Ms GillIs is part of the fastest-growing homelessness demographic, although in her case, it was not through domestic violence or the breakdown of a relationship.
Suzy Gillis moved to Armidale in NSW's north east from the central west of the state after being homeless for six months.
"I am the face of a homeless person, and when people think of homeless people, they don't think of professional middle-aged women," she says.
In late 2020, a gold mine near the small town Ms Gillis was living in purchased leases in the area paying above-market rates and she was given a 'no cause' notice and 90 days to vacate the house she lived in.
There were no other places available locally, and because she was an hour from any other town that had something for rent, she'd have to take at least three hours off work the day she wanted to go and apply for the property.
Ms Gillis did that 20 times without success.
Most Moruya residents on NSW's South Coast were sheltering from flood warnings and surging storms in their homes the day support workers Lachlan Fuzzard and Joel Ryan visited the homeless.
The rain was pouring and a swollen Moruya river was lapping at the shoulder of North Head drive as the pair made their weekly drive to North Head Campground, Moruya. They carried precious cargo that could not wait until the flooding subsided. Mr Fuzzard and Mr Ryan work for The Family Place Moruya - one of four specialist homelessness support services in the Eurobodalla.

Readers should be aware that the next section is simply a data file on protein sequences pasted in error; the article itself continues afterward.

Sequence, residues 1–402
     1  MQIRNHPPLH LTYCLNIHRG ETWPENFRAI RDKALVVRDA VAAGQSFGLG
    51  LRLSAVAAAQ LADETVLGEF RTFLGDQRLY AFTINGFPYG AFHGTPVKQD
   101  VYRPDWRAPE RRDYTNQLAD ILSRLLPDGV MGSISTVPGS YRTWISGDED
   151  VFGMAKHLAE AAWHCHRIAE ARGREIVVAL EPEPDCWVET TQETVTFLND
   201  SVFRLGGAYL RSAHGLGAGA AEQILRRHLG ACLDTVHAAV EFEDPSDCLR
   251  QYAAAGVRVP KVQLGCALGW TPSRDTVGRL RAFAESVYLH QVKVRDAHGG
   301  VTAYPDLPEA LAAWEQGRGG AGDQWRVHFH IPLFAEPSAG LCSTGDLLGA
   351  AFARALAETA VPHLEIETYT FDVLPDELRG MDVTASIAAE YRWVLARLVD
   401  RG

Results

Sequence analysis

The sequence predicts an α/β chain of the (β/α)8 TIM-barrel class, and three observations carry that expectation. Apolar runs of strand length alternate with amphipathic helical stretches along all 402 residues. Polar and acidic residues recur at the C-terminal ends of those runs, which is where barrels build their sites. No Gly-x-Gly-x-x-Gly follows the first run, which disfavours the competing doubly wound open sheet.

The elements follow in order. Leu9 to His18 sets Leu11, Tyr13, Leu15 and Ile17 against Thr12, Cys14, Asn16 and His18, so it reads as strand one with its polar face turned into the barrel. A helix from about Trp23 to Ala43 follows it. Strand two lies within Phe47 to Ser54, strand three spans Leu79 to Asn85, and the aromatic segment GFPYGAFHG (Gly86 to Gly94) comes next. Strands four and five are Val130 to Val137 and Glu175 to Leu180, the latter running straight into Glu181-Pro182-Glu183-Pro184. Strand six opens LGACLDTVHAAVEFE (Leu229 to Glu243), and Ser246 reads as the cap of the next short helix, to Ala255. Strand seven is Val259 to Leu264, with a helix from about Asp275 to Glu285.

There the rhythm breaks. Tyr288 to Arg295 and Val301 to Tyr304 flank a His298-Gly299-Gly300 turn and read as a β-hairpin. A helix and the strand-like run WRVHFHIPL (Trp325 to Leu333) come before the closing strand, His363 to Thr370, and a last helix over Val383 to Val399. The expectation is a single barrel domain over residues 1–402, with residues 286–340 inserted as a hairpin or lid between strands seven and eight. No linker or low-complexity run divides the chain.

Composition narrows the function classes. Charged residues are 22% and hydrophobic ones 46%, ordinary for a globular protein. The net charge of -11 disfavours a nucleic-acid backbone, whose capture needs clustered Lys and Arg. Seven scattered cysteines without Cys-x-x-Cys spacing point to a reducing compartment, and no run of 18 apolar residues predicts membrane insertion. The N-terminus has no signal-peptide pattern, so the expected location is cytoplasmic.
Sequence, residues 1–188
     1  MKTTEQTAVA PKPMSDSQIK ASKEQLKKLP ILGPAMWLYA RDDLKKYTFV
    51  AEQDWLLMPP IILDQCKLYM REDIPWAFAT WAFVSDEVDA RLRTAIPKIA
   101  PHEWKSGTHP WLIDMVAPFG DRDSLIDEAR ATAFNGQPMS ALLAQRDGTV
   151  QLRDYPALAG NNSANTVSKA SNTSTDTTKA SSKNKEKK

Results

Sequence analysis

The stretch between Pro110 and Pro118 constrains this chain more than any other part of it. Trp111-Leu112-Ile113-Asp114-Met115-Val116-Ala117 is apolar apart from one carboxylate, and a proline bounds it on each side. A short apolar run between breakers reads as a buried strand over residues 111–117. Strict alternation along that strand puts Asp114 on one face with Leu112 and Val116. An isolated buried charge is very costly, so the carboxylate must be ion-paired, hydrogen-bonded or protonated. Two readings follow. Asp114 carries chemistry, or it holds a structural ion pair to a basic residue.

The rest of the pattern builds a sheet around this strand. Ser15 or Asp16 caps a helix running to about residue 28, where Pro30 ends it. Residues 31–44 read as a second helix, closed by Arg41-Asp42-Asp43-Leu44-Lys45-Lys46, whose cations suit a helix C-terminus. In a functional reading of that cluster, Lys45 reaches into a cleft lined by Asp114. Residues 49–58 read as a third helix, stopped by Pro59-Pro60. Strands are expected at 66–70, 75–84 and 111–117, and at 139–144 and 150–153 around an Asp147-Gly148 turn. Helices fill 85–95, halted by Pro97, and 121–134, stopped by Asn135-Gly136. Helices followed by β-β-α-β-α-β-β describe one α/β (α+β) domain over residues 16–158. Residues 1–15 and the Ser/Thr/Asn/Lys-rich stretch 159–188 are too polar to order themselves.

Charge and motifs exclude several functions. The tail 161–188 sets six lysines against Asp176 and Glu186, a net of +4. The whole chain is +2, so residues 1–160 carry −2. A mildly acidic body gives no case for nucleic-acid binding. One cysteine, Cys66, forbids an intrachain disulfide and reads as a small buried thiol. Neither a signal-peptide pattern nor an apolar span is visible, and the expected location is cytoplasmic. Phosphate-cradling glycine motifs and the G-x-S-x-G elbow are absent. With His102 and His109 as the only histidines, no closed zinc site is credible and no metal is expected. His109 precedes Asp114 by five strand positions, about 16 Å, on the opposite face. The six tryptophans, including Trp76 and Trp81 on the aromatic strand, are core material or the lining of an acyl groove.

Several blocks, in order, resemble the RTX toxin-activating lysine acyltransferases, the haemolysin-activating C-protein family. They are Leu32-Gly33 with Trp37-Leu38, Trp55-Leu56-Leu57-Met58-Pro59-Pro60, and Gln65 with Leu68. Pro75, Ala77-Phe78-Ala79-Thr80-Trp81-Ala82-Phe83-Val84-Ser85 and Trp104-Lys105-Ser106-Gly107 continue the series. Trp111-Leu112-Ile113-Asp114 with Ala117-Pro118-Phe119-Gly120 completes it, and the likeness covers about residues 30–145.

They are on the frontlines of fighting homelessness. Their day's work included delivering four Food Bank boxes of groceries to those in need at the campground.
It took months of rapport-building to get to this stage; the trip is far more about relationships than delivering food.
Makeshift shelters were strewn all across the campsite, centered around the one primitive shower block which spits out cold water.
At the first delivery stop, Mr Fuzzard organised to drive one resident into Moruya the following day to have a warm shower and charge their electronics. The Family Place is trying to establish a shower voucher system to enable the homeless free access to a shower in town. The difficulty is finding shower facilities willing to participate in the program.
Daniel Laughton has spent more than his fair share of time on the streets.
He was once homeless and could not see a way out of his situation. It was a dark time, he said, during which he felt the pain life had inflicted on him had become too much.
However, those closest to Daniel helped him and now he in turn is helping others.
Daniel is now the NSW South Coast Bomaderry-based Salt Ministries' Temporary Accommodation manager and he helps people to access their yearly 28 days of temporary accommodation.
While they are in temporary accommodation, Daniel supports them, and together they work on ways to achieve more permanent housing.